1997 Constitution of Fiji: Chapter 17

From Wikipedia, the free encyclopedia
Jump to navigation Jump to search
1997 Constitution of Fiji

Chapter 17 of the 1997 Constitution of Fiji is named "Schedule Oaths and Affirmations." It is the last chapter of the Constitution. It sets out oaths and oaths of offices to be taken by politicians of Fiji.

Oath or Affirmation of Allegiance[edit]

Part 1 of Chapter 17 sets out the oath of allegiance. It has a person state that he or she is "faithful" to the republic, and faithful "according to law." The oath ends with the statement "So help me God!"

In 2006, Fiji experienced a coup. The Prime Minister of New Zealand Helen Clark argued that the coup should be resisted by citizens, pointing to the oath of allegiance: "You owe it to your oath of allegiance to the Fiji constitution to act to stop this act of mutiny," she said.[1]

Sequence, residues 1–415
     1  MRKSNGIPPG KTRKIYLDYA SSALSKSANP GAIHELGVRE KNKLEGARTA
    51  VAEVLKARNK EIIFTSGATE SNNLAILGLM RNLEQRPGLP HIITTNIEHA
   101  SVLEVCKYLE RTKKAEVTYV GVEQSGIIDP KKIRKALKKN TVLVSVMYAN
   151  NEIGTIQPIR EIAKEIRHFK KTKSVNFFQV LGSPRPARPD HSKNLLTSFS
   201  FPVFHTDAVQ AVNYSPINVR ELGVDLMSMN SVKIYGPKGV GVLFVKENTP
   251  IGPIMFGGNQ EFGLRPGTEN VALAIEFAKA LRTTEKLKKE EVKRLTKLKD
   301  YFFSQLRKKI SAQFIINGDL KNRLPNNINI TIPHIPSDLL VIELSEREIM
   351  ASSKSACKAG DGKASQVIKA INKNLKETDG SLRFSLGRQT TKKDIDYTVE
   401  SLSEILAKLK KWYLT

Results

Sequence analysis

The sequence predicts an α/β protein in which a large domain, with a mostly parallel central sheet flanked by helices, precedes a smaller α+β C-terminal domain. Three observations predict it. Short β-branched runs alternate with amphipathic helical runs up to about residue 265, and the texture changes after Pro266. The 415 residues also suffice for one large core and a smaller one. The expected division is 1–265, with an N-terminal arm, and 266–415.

Part 2[edit]

Part 2 gives the oath and affirmation for the President of Fiji and the Vice-President of Fiji. The oath and affirmation refer to service to the republic from the President's office or Vice-President's office. This oath also ends with "So help me God!"

Part 3[edit]

An oath for a cabinet minister in the Cabinet of Fiji is given in Part 3. This oath would be taken by the Prime Minister of Fiji, the Attorney-General Minister of Fiji, or an Assistant Minister. It refers to using the "best... judgment" and advising the President when mandated to do so. This advice, according to the oath, must not be revealed.

Part 4[edit]

The last Part of Chapter 17 contains oaths for those holding office in the judiciary of Fiji. This oath also refers to service to the republic, and to upholding the Constitution.


  1. ^ Reuters, "Fiji begins round-up of coup opponents[permanent dead link]," Yahoo! News UK & Ireland, December 6, 2006, URL accessed 2 January 2007.